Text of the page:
It’s hard to believe, but on Feb. 10 my friend Mark Spitz turned 70. Most everybody still sees him as the young 1972 Olympic swimmer in that iconic photo, with seven gold medals (each a World Record, too) around his neck.

Mark swam in college at Indiana University for my mentor, Dr. James “Doc” Counsilman, the greatest swimming teacher/coach of all time. Among Doc’s many innovations was photographing (video was yet to come) swimmers underwater. He did this at IU against a grid background painted on the pool wall.

Doc had recently published “The Science of Swimming,” still a bible of our sport, when he first filmed Mark. But the teacher was about to learn his most important lesson when he looked at his new film.

He saw Mark’s freestyle hand entering and exiting the water as expected. One would expect that, because Mark’s stroke started in front of his body and ended below his thigh, his hand would exit the water at some point on Doc’s wall grid behind where it entered.

But that was not so. Mark’s hand had exited in FRONT of where it entered.

Why? How could that be? Doc surmised that part of the answer was due to Mark’s forward momentum while he was stroking, but that didn’t explain it all. If Mark was stroking his hand backward toward his feet, regardless of momentum, it would finish behind where it entered.

But what if he wasn’t stroking his hand past his body? Maybe Doc and everybody else had been missing something for years, forever?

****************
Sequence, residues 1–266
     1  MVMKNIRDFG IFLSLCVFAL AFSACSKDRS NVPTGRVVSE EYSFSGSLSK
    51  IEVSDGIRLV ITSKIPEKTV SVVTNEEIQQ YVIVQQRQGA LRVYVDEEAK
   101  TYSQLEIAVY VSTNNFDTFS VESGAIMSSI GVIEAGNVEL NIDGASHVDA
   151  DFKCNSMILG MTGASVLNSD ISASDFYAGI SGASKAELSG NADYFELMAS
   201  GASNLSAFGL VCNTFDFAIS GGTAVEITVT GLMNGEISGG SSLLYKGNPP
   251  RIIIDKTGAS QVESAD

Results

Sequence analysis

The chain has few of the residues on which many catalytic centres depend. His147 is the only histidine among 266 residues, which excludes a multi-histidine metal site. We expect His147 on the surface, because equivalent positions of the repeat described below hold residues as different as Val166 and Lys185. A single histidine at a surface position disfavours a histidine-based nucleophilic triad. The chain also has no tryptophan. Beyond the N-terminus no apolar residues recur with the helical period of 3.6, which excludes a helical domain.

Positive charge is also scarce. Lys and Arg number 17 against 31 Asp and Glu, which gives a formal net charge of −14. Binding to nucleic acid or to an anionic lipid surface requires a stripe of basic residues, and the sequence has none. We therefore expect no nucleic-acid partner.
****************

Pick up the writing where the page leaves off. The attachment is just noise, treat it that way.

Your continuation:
That “something” is this: Stroking is not moving the hand past the body, but moving the body past an anchored hand.

The best swimmers work against non-moving water, keeping pressure on the water by feelingly, minutely, moving the hand in and out and up and down to lever (using the lower and upper arm as well) the body past.

If indeed the hand is not moving backward, the swimmer’s momentum could carry it ahead of where it entered the water.

Doc, the scientist, would go on to experiment with other swimmers and with other swimming scientists to apply the laws of fluid dynamics and raise the understanding of swimming throughout the world.

We know that water can be very resistant to our efforts to get through it. Why not turn that around and use the water’s resistance to lever your body past it as you become more efficient at aquatic locomotion?

Dr. Bob Colyer of Bluffton is an actively retired college professor, coach and author of “Swim Better: A Guide to Greater Efficiency for Swimmers & Instructors,” directed primarily to non-competitors.